First, it is crucial that a game plan is in place, both personally and substantively. Plan ahead as much as possible in every aspect of your life. Whatever the circumstances dictate, whether that be a couple months’ notice, a month’s notice, a couple of weeks, or even a few days, there are opportunities to plan ahead. While I am not necessarily suggesting a rigid calendar of hour-by-hour activity a month or a week in advance—acknowledging that works perfectly for some people—knowing, or at least planning, chunks of time for designated activity a week in advance is a method that has worked well for me. Carving out some windows for personal activity during this busy interval will go a long way for one’s mental health. In one’s personal life, this largely boils down to communication, like so many facets in a healthy, functional, and fulfilled life.
I cannot emphasize enough the need to communicate with your loved ones and/or friends that there will be less time spent with them than typical, perhaps very little. Communication is critical during this interval. Properly manage expectations of others around you. In the little down time you have, make time for your loved ones and friends the best you can. Try to do something new, such as going on a hike at a new trail or undertaking a new activity, as that will give you something to look forward to in the midst of the chaos you are enveloped by. You need to mentally prepare to make sacrifices, including (mostly) giving up any independent relaxing time or any hobbies during this interval, but as much as possible try to do something that you enjoy. Be intentional with your actions. It is easy to become enveloped by the all-encompassing nature of taking a multitude of depositions, but if you are intentional with your time and carve-out one or two items you “must do” a day, you will complete those items, and such tasks will become habitual and be a springboard for maintaining and launching further habits once a more normalized interval commences. Admittedly, I was not as intentional with my actions in creating personal time carve-outs as I should have been during this interval.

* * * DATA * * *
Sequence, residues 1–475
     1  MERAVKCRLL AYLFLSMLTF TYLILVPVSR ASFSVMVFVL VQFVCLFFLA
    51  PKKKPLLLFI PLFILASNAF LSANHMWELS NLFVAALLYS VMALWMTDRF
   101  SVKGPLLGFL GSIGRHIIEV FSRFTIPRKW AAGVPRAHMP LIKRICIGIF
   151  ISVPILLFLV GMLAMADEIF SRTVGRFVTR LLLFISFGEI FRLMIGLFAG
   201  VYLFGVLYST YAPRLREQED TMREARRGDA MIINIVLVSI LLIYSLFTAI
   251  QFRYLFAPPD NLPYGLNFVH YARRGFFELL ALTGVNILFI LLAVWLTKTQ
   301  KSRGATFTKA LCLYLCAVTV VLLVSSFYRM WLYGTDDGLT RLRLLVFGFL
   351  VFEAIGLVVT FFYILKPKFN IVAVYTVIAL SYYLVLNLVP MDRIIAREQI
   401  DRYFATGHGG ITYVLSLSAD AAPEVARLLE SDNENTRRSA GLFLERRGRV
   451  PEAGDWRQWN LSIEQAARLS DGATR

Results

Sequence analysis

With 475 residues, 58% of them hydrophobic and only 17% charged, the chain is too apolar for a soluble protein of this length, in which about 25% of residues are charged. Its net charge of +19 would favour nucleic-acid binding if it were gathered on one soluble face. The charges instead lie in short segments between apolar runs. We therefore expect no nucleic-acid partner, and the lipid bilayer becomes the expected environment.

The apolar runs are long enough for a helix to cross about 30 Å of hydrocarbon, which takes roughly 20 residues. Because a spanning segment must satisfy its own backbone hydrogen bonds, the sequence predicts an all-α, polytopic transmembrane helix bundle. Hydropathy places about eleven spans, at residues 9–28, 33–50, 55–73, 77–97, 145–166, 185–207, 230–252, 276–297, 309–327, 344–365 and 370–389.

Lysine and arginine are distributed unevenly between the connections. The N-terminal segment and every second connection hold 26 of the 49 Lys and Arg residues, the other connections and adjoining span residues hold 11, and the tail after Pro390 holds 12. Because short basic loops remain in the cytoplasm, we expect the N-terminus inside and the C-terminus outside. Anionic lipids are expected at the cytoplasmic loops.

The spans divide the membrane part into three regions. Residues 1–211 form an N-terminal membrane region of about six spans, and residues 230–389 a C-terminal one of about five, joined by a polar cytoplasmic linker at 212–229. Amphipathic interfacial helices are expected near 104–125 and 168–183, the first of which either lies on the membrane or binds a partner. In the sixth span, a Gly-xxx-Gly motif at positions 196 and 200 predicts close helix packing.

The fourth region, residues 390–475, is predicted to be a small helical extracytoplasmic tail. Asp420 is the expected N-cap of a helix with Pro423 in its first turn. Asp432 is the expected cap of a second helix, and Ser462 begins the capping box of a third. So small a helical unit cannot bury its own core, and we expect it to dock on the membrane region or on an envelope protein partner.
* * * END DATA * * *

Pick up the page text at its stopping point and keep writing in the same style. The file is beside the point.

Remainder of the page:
Despite this, I had better success at finding an outlet that provided rejuvenation benefits and kept everything in perspective, which I cannot recommend enough. For some this may take the form of meditation, yoga, or prayer, among other possible replenishing activities. For me, my outlet was going to the gym and lifting weights. In life there are some things beyond your control, but in the gym you are in complete control of your effort and time. A brief workout, even if you feel like you have no time, is incredibly beneficial for one’s physical and mental health and has a resetting effect, which will be needed to get through the plethora of depositions you have to encounter.
Speaking of which, the second, and final, article in this series will focus on the substantive means and methods to prepare for the taking of the plethora of depositions. It can be daunting, but doable, particularly when implementing proactive mental well-being efforts ahead of time.
About the Author: Nathan M. Gallinat is an insurance law and construction defect litigation attorney at the Phoenix law firm of Jaburg Wilk. He primarily assists clients in the defense of complex multi-party construction related litigation.